• United States



by George Paras

Enterprise Planning & Architecture Strategies

Nov 13, 20038 mins
CSO and CISOData and Information Security

The scale and complexity of the enterprise architect’s task can easily be overwhelming. Without careful discipline, enterprise architecture (EA) teams often become minutia-driven and lose the enterprise perspective. Focused EA teams exploit a systematic EA process to define strategic requirements “in the context” of the business and then construct future-state deliverables consistent with real-world priorities.

META Trend: Enterprise architecture (EA) success will be determined by the extent to which corporate and line-of-business managers comprehend, support, and enforce the architecture. By 2007, 15 percent of EA core teams will move out from under the IT organization’s management structure, with direct reporting relationships to either corporate strategy or corporate change management functions. By 2007, 40 percent of enterprise architects will have primary expertise in business strategy or process engineering.

Perfectionism is the enemy of the good. This well-known adage must be learned by every enterprise architect. In our study of EA teams, we often see them lost in the details, missing the forest for the trees. Enterprise architects are often driven by myriad detailed requests from users who expect the EA team to perform as an engineering organization. In their desire to deliver, and consistent with their prior training as engineers, many enterprise architects are happy to oblige. They strive to deliver the perfect set of models, at all possible levels of detail, for all possible audiences. Enterprise architects often exacerbate their situation by succeeding, demonstrating this competency on a particular project and thereby setting a high bar that results in future detailed involvement with all project teams. Enterprise architects must remember that their primary mission is not just to be an engineering center, but to provide a realistic, contextual enterprise basis for strategic decision making and cross-enterprise implementation consistency.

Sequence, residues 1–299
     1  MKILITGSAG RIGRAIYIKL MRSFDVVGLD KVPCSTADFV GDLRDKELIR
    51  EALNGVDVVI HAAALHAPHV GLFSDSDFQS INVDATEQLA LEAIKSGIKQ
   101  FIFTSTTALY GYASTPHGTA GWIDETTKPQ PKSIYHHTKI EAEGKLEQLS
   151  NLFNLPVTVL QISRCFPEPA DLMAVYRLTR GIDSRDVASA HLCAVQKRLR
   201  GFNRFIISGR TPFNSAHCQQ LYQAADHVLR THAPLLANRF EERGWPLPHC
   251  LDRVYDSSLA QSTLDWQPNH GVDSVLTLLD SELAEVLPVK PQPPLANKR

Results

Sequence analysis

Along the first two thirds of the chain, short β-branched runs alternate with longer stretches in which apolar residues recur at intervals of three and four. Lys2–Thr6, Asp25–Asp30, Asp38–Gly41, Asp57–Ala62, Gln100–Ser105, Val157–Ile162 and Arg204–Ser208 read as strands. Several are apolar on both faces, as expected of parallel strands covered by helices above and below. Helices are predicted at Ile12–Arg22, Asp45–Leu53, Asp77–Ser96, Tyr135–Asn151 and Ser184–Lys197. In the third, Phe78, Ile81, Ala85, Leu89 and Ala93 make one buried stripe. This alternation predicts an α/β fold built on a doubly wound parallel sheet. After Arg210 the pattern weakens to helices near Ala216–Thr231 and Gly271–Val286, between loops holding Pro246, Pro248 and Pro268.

Many EA teams drive themselves to this overly detailed view by mistakenly attempting to fully populate the perfect “map” of models from the very beginning. Striving for “completeness” can disorient teams from their real mission. Despite the many virtues of perfectly complete taxonomies of models, these rarely help architects identify where to start or to determine when they have done enough. High-level model taxonomies are useful when used as a tool for clarifying architectural thinking. Unfortunately, they can leadto large, all-encompassing EA efforts that may not deliver meaningful results to the business before being shut down.

Just as business needs should drive the content of the EA effort, business needs should also drive the process by which the EA is developed. This process must consider business culture issues as well as business drivers (see Figure 1).

Figure 1 – Characteristics of an Excellent Architecture Team

 Excellent architecture teams consistently do three things:
 They explain that the architecture effort will be an ongoing process not a singular event and that the first set of results will not be all-inclusive or completely detailed. The teams produce architecture documents that serve as foundations on which to build.
 They prioritize architecture efforts by identifying which components require “blitzkrieg engineering” and produce results quickly by focusing on those areas.
 They assess the levels of standardization and business discipline appropriate to the culture, and they do not allow the EA effort to set unrealistic goals.

Source: Meta Group

Just in Time: First Things First. Enterprise requirements must first be defined through a common requirements vision (CRV), and the conceptual architecture must be developed. Only when these prerequisites have been met should the architecture team focus on detailed architecture model development. A best practice is to focus EA attention first on models that are most critical to the business. Two primary tests can be used to prioritize this work and demonstrate early results from the architecture effort:

Top priority should be afforded to models that can be directly linked to strategic opportunities as revealed by earlier analysis driven by the CRV. Determining the “strategic fit” between business strategies and lower-level details should be a joint effort by enterprise architects and LOB managers. The second test identifies the architecture models that have already been fairly well defined and standardized, even if not widely publicized. Existing principles and standards may require clarification, modification, or re­engineering, but have at least been tested in the real world. Their strengths and weaknesses are understood, and operations personnel have been trained to deal with them. If these principles and standards still have value, incremental migration efforts can yield early results.